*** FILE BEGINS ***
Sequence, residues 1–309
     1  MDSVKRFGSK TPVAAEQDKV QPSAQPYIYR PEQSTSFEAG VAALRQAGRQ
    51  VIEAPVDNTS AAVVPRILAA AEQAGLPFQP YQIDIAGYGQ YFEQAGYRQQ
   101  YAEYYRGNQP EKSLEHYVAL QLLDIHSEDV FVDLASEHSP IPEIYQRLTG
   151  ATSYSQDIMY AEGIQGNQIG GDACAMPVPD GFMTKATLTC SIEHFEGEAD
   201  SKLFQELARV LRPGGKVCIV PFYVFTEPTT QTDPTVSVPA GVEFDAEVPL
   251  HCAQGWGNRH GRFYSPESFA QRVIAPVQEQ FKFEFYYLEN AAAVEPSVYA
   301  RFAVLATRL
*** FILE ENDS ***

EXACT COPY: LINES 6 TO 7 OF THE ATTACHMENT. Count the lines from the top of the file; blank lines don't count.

   201  SKLFQELARV LRPGGKVCIV PFYVFTEPTT QTDPTVSVPA GVEFDAEVPL
   251  HCAQGWGNRH GRFYSPESFA QRVIAPVQEQ FKFEFYYLEN AAAVEPSVYA